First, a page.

The best way to describe this novel - a sweeping family saga. Spanning the years 1946 through 1976, and taking place in Ireland, England, and Hollywood, this is the story of Franny, a poor Irish girl determined to become a famous movie star. And she will stop at nothing to reach her goal. Much of the story is set around "old" Hollywoood and all the glitz and glamour of how it was there in the 1950s. This novel is a little bit of everything, way too much to put into a few sentences. If you like a book with lots of family secrets, this is one I highly recommend.
Jack is a five-year-old boy whose entire world has been an 11-by-11 room. His mother was taken captive when she was 19, and has been a prisoner for seven years. She has created a life for Jack contained in that small space and he is content. As he gets older, he becomes more curious and his mother knows Room won't hold them for much longer. She devises a plan for escape. Does it work? Do they get away from their captor?
I first started reading Room in print. I loved the premise of the story, but I couldn't get into it. Then I tried the audiobook, and I was sucked in immediately. Jack's voice especially comes alive when you listen to this book. At times the book is heartbreaking, but hopeful. You root for Jack and his Ma throughout the book. If you like audiobooks, I would highly recommend this one. It's a great listen!
Lavender's first book, Obedience, was one of he best books I ever read. It was just so clever! So, when I found out he had written another, I could not wait to get into it. And, in my opinion, this one is even better. It begins in 1994, when nine students at a small Vermont college are invited to attend the class "Unraveling a Literary Mystery." The professor teaches the class via satellite from a prison where he is serving time for murdering two college students years earlier. If that isn't creepy enough, he leads the class into a strange game called The Procedure, which started back when the professor was a student himself. I really can't tell you much more without ruining it. Let me just say this; if you like a novel that keeps you guessing from start to finish, then you will certainly be satisfied with this.
Imagine waking up one day not knowing where you are, who you are, or who is in bed next to you. Now imagine going through this every single day. In Before I Go to Sleep, that's the life that Christine is living. Her husband fills in all the details of Christine's life every day, because when she goes to sleep her memories are erased. But can she trust her husband? She has no idea. She must figure out whom she can trust, and she does it by keeping a journal.
There were so many twists and turns in this novel, it keeps you guessing until the very end. How did Christine end up this way? Who can she trust? What will happen to her? This book will stay with me for a long time. I highly recommend it, but it might not be a book to read before you go to bed.
She's b-a-a-ck! America's most outspoken conservative commentator jumps into the fire with her latest book. Drawing on the work of French psychologist Gustave LeBon, Coultler shows how the science of mass psychology pertains to the concept of "group think" today. She provides plenty of examples of liberal mob mindset, including the American Idol complex and conspiracy theories. She also delves into the history of mob violence, starting with the French revolution and continuing through the social upheaval of the 1960s.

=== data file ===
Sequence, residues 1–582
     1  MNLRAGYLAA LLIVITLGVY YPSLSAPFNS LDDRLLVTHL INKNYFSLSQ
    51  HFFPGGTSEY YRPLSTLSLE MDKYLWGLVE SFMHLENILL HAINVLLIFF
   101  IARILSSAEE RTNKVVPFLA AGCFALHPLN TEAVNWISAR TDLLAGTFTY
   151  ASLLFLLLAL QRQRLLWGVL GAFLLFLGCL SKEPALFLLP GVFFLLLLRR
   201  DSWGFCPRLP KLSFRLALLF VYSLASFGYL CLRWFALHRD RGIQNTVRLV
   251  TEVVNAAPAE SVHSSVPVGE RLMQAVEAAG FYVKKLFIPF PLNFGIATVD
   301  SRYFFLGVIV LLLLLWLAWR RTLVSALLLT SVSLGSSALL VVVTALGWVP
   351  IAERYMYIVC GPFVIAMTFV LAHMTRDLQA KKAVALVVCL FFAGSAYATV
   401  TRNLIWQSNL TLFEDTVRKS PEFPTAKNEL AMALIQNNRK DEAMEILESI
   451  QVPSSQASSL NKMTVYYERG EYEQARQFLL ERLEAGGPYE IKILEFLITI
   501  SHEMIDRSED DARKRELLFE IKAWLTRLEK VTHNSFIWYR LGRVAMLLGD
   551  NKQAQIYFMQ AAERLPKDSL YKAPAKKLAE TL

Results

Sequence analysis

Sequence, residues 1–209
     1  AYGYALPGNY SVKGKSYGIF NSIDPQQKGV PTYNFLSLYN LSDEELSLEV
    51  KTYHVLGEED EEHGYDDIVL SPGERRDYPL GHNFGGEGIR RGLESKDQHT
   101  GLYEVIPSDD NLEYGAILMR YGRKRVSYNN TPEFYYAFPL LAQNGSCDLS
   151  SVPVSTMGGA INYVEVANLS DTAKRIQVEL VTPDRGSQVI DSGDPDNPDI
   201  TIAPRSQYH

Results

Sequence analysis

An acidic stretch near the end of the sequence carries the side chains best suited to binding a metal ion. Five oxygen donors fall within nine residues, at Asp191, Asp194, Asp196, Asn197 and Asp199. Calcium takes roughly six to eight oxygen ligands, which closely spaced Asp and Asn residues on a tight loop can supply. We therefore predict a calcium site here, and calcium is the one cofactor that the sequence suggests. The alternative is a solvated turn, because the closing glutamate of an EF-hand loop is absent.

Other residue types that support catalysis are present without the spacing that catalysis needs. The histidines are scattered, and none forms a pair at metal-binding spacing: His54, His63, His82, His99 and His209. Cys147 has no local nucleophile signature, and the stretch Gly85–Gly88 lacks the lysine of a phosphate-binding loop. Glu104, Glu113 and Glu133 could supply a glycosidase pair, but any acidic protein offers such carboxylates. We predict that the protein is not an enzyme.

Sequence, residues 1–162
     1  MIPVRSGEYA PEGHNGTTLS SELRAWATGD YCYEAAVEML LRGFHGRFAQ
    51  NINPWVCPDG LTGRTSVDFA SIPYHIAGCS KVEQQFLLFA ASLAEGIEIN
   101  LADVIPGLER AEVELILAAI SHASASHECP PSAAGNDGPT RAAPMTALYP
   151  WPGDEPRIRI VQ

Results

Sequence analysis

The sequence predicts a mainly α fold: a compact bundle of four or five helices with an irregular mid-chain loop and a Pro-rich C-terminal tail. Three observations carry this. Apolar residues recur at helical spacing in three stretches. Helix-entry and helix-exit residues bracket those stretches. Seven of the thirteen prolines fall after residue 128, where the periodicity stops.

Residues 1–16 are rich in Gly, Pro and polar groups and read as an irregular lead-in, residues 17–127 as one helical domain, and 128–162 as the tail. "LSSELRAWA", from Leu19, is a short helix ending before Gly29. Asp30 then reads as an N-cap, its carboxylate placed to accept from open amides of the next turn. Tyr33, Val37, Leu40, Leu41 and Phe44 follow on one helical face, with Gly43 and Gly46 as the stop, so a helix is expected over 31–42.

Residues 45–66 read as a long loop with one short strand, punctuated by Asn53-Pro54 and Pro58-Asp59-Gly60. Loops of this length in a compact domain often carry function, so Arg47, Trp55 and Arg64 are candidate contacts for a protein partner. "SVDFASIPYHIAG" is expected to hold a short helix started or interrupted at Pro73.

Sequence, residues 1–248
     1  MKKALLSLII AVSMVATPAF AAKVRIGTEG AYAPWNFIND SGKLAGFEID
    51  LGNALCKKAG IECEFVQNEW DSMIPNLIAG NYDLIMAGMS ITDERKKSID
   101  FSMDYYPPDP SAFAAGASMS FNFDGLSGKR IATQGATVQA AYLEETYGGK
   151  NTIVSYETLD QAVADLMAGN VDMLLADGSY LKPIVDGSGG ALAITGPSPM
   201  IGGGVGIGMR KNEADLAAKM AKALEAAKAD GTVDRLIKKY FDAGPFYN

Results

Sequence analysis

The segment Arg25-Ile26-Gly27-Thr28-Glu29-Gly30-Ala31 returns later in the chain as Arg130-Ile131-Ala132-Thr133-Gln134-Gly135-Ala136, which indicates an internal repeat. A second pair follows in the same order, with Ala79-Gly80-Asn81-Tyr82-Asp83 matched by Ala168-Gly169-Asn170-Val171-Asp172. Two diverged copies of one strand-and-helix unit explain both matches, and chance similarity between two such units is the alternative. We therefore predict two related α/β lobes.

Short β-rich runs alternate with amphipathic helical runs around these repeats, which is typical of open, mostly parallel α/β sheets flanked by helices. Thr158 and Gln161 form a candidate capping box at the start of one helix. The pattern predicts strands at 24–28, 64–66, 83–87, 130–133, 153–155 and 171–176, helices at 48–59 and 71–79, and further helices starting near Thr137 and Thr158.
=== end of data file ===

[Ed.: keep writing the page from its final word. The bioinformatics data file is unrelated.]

Regardless of your political leanings, this is a fascinating study of what happens when people get fired up.
This is a very sweet story of first love, and how it can affect the rest of your life. Erin & Nate start dating when Erin is just 15 years old, and fall madly in love. They spend every minute that they can together, and are sure their relationship will last forever. The chapters go back and forth between the past and the present, and the story unfolds slowly. One minute you feel like a teenager with all the drama and fun, and the next minute you are back for the adult reality check.
I really thought the authorgot all the feeling just right.
Eleanor Brown must have been channeling her inner Shakespeare when writing this first novel! My boy Bill’s presence is obvious in the main characters’ names: Rosalind, Bianca, and Cordelia, as well as in references throughout. The adult daughters of a small Ohio college’s Shakespearean scholar return home to help care for their sick mother. Sounds sweet and simple, yes? Not so fast, dear reader! These ladies bring more emotional baggage and hidden agendas with them than Edwardian heiresses sailing to Europe. It is actually a wonderful tale of sisters, long-estranged, rediscovering old ties and strengthening them as adults. Each sister must work through her own demons but finds she’s no longer fighting alone. They come to support each others’ joys as well as lend a helping hand. With their father wafting through in iambic pentameter and their mother’s gentle courage, these three find their way home in every sense of the word.
The title fits this novel perfectly; a pretty good beach read. Three best friends since high school rent a beach house on Nag's Head to relax and catch up. Of course, they all have issues they are dealing with, and of course most of the issues are man-related. And of course the owner of their beach house is a very attractive, single man with issues of his own. And of course another woman with even bigger issues comes to stay with them as well.
You get the drift. Not much like her other novels, Fixer Upper and Deep Dish (they are much funnier!), but if you're looking for something beachy, this will work.